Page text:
Speed Integrale 9a

Posted on 16.08.18

The last years, I spent a lot of time in our “home” crag in Vorlapsee (CH). It is a 45min drive to get to this beautiful place higher up in the swiss mountains.

I love the climbing there because it is always a good training for alpine-multi-pitch-climbing as well. So most of the time when I went to Voralpsee, I repeated some of the routes there, those I already climbed before, just for training. “Speed integrale” was that route which is much harder than most of the climbs in the crag and the outstanding line on the almost blank part of the wall catches everyone’s eyes. I never really invested time on this climb because it felt simply too hard to me.

This year after an intense winter training in the gym I wanted to focus on this route because it is one of the best you can find in his grade. It was really easy to motivate myself to try such a iconic line. So I spend a lot of time at this crag to work on the route. There was always a fanatic group of friends up there. Everybody was psyched to try their own project so we all had tons of fun spending time in Voralpsee pushing each other to give our best. It took me about two month to realize a big dream to finally send “speed integrale”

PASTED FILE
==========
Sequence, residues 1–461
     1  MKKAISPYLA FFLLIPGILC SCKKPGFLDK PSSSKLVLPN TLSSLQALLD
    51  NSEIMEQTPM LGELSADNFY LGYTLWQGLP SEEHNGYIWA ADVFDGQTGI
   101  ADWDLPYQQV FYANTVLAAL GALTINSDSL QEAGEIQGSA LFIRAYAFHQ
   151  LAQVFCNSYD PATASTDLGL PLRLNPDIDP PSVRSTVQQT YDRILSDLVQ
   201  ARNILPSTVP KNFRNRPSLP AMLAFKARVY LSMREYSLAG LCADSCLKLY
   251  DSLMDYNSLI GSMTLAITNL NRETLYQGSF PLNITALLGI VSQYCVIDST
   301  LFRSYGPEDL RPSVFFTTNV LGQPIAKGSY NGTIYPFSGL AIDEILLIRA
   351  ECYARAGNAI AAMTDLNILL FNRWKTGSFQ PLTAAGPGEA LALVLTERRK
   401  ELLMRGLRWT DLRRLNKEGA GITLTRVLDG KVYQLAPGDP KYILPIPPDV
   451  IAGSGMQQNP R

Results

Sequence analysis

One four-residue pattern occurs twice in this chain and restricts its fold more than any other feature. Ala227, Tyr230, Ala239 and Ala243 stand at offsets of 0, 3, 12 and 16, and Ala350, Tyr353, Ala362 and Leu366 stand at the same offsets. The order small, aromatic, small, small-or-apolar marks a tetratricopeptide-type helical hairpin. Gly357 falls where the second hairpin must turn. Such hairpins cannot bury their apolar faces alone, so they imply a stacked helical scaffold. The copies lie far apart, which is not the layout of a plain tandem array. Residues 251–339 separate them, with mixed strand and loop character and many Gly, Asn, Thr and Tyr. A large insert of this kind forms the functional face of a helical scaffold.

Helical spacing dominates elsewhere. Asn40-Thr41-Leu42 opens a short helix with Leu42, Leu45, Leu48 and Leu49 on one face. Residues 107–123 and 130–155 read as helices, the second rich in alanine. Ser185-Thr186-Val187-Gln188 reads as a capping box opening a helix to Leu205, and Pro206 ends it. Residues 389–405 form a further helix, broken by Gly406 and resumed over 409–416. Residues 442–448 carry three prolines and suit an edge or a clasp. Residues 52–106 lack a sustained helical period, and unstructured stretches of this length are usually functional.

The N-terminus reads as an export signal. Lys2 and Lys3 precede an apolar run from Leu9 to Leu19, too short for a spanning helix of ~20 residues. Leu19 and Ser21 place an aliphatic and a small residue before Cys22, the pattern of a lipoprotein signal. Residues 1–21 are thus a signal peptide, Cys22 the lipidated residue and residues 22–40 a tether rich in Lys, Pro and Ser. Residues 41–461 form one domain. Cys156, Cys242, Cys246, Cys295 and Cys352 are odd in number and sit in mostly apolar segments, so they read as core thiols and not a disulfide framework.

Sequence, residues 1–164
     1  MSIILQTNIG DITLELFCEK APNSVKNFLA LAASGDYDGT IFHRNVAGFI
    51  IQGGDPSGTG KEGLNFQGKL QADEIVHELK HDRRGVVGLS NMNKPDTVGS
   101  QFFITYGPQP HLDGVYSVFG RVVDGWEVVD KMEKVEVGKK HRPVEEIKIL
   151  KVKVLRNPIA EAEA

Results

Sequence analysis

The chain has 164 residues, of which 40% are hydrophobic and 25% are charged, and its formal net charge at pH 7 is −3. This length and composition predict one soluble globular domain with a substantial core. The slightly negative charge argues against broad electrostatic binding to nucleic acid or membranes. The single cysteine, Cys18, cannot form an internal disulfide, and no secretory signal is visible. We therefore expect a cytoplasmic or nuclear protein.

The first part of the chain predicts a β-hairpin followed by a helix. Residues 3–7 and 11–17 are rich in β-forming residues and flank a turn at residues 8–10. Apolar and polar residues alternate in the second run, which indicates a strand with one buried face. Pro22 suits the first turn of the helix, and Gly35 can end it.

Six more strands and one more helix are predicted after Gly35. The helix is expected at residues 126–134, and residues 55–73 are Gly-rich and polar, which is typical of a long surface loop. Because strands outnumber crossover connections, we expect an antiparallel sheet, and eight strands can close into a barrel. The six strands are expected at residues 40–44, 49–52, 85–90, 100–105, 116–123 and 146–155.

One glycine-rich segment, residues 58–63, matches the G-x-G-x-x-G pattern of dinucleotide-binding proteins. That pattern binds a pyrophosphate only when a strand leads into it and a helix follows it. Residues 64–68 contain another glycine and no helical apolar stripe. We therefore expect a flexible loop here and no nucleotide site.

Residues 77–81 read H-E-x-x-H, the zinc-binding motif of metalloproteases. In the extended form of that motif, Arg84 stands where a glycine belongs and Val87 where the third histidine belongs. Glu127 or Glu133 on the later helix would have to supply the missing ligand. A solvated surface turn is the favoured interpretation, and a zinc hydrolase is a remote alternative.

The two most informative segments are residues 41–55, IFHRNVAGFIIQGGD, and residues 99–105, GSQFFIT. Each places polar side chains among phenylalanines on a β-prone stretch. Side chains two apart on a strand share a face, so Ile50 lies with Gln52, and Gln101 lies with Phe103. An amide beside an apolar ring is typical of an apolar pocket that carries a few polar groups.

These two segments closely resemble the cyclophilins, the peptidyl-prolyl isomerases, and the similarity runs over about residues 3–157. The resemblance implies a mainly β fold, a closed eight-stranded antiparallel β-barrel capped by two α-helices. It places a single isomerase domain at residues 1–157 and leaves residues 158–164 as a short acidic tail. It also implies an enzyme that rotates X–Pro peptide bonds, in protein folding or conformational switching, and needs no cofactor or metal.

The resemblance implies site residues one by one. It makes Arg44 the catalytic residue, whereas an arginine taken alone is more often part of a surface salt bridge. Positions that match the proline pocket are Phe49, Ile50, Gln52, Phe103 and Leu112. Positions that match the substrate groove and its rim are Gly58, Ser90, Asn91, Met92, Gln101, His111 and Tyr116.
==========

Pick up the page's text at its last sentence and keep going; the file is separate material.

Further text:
It was 7 a.m. when I  was coming off the graveyard shift at the hospital where I work as a radiologist assistant. My chances of sending, I figured, were slim. But going climbing was better than not, so I and a few friends headed to the crag.

The morning was wet, and conditions were humid. It rained, then let up, so I gave my project a burn. I was trying Cedric Lachat’s Speed Intégrale (9a), an extension to Speed (8c+), which was put up by the Austrian stalwart Beat Kammerlander.

Oddly enough, and despite my fatigue, I climbed really well. I felt no pressure and climbed to a highpoint on my second go. Later that evening, I figured I will take one more fitness lap on the route, just for fun.

I tied in, and with no expectations, battled to the top of my first 9a, proving that it always pays to go climbing.


film: “alpsolut moving pictures”


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